A middle state of souls can be detected within the New Testament as well. We are told for instance, that Christ “in the spirit, went to preach to the spirits in prison. They refused to believe long ago, while God patiently waited to receive them, in Noah’s time” (1 Pt 3.18-19). This occurred after Christ’s death and before his resurrection, and while the event was beyond what we would typically consider “time”, we may see it as having taken place on “Holy Saturday”. Christ’s state after the Crucifixion and the place of his preaching is elsewhere described as “in the heart of the earth” (Mt 12.40), “the pains of death” (Acts 2.24), “the depths” (Rm 10.7), “the deepest levels of the earth” (Eph 4.9), and “the dead” (Heb 13.20); all of which reflect typical Jewish imagery and language use. Christ’s mission to this place was evidently successful since Paul tells us that he “took captives” (Eph 4.8), freeing those righteous dead who passed before the advent of the gospel but who accepted the message in the grave.

That Christ was able to redeem these souls at all is an important point, and is one that lends support to the notion of purgatory. After all, this cannot be hell since no souls there are ever redeemable.

The “under the earth” imagery of the New Testament is also a clear indication of third or middle state of souls. Note:

So that at the name of Jesus every knee should bend, in heaven and on earth, and other the earth. (Php 2.10)


This is obviously not hell since those in hell would clearly not worship Christ. However, to avoid the clear implications that this middle state poses for their theology Protestants will sometimes argue that this place was done away with after Christ preached there. Scripture nowhere indicates this, and on the contrary, reveals that the opposite is true, telling us, for instance, that the place still exists up to the point of Christ’s second coming. Note:

And no one in heaven or on earth or under the earth was able to open the scroll or look at it. (Rev 5.3)


And also:

Then I heard every creature in heaven and on earth and under the earth and in the sea and all that is them, singing. (5.13)

Thus, we have a place of souls, which is contrasted with heaven and earth and is clearly not hell. This sounds a great deal like an early indication of purgatory, or at least something very much like it, which Protestants have no room for in their soteriological scheme. It should also be pointed out that since those “under the earth” in Rev 5.13 are witnessed as singing out praise, we must further discount them as residing in hell since God does not receive prayer from the unrepentant sinful, evildoers, murderers, or those who do not fear him, all of which certainly describes those in hell (c.f. Ps 66.18; Pr 1.28-30; Is 1.15; 59.2; Jer 6.20; Amos 5.21-24; Mic 3.4; Mal 1.10; Jn 9.31). We have no suggestion, however, that God rejects these praises.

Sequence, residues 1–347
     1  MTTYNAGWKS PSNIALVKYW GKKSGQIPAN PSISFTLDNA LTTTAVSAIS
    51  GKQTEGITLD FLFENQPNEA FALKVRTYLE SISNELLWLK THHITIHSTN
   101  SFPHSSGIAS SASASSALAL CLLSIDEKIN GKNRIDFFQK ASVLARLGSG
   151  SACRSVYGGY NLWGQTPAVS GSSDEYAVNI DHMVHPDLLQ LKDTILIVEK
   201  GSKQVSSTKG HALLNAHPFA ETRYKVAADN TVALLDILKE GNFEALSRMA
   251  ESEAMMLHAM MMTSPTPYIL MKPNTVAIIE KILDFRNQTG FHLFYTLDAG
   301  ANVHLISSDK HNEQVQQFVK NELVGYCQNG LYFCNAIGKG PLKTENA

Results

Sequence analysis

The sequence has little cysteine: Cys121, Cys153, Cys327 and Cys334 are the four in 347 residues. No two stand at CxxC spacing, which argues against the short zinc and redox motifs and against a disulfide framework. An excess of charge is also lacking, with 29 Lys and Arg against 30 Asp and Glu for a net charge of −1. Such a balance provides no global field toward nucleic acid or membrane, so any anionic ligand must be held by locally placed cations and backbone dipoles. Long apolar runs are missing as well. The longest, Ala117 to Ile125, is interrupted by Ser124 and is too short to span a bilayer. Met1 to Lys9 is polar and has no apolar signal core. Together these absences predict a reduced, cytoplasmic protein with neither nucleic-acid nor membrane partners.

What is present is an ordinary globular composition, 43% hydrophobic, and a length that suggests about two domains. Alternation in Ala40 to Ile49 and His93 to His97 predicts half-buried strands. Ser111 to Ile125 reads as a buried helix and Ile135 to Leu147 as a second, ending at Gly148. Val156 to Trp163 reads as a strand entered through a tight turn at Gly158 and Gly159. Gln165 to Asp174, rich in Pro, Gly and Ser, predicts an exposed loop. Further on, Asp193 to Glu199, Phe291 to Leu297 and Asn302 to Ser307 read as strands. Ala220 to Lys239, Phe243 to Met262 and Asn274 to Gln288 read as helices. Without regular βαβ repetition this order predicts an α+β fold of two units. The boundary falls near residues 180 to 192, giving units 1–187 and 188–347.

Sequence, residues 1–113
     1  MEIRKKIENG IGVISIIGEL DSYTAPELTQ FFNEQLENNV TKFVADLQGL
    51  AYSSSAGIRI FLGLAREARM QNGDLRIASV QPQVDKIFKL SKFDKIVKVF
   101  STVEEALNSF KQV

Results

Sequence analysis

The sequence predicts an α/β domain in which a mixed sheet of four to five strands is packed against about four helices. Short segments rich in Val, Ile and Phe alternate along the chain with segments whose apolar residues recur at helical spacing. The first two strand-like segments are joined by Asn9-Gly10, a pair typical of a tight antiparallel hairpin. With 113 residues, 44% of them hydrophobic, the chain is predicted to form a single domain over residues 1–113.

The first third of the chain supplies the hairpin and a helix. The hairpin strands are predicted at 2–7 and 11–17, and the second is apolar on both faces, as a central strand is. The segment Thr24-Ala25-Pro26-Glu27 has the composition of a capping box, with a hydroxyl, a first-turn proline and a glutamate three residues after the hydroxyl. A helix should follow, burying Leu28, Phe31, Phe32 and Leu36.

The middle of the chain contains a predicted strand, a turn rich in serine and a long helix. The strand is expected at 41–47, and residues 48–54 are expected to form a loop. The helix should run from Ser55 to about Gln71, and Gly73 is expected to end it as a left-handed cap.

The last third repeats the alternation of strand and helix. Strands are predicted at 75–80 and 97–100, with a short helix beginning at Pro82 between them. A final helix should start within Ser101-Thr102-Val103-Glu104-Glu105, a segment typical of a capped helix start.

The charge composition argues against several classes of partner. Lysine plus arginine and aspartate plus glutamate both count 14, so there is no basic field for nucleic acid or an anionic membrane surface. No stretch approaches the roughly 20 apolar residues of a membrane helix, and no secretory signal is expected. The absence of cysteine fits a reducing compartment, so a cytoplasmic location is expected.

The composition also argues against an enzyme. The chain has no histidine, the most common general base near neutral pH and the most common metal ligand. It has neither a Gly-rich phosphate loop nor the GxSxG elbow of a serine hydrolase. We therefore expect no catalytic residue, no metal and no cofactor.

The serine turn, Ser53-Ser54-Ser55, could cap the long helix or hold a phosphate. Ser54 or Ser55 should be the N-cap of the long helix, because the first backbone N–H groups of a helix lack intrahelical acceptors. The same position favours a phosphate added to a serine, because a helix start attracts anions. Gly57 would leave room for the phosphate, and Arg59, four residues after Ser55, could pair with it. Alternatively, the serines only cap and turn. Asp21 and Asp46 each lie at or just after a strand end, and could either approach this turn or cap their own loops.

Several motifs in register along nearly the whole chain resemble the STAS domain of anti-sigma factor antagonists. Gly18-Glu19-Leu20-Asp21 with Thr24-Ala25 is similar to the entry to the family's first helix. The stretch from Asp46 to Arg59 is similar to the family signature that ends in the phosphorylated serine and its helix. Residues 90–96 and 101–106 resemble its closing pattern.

By way of one final indication in the New Testament of a middle state of souls, is the admittedly difficult parable of the rich man and Lazarus (Lk 16.19-31). In this pericope, Lazarus, a poor beggar, “died and was carried away by the angels to Abraham’s embrace (Gk. kolpon Abraam, Lit. ‘bosom of Abraham’)” (v. 22). The unnamed rich man, on the other hand, died and found himself in “Hades where he was being tormented” (v. 23), while Lazarus, in a place far preferable, was “being comforted” (v. 25). The rich man’s suffering, being so acute, cried out to Abraham begging him to permit Lazarus to assist him in his pain. Abraham, denying the rich man’s request, pointed out that between them “a great chasm had been fixed, to prevent those who want to cross from our side to yours or from your side to ours,” (v. 26). In literary style this text is, of course, a parable and therefore undoubtedly a fictive theological and moral exhortation. Nevertheless, in it we can detect a definite eschatological expression completely in step with popular Jewish usage. Notice that no one argues with Christ as to the voracity of an account which describes an afterlife in which those who are in a hell-like torment are able to communicate not only with those who are “being comforted” elsewhere, but with the great patriarch himself; Abraham. Concerning this text, Tertullian wrote:

Every soul, therefore, is shut up in Hades? Do you admit it? Whether you do or not, it is a fact. And there are already punishments and rewards there; and there you have a poor man and a rich one. (5)

Tertullian, no doubt convinced by the problems which this text presents, perceives the Hades spoken of here to be merely a multi-tiered middle existence, which contains the souls of both the righteous and the non-righteous before the general, judgment. This is an interesting hypothesis which actually creates more questions than it answers, though it does indicate further the early Church’s understanding of a purgative state after death since heaven is clearly not spoken of here.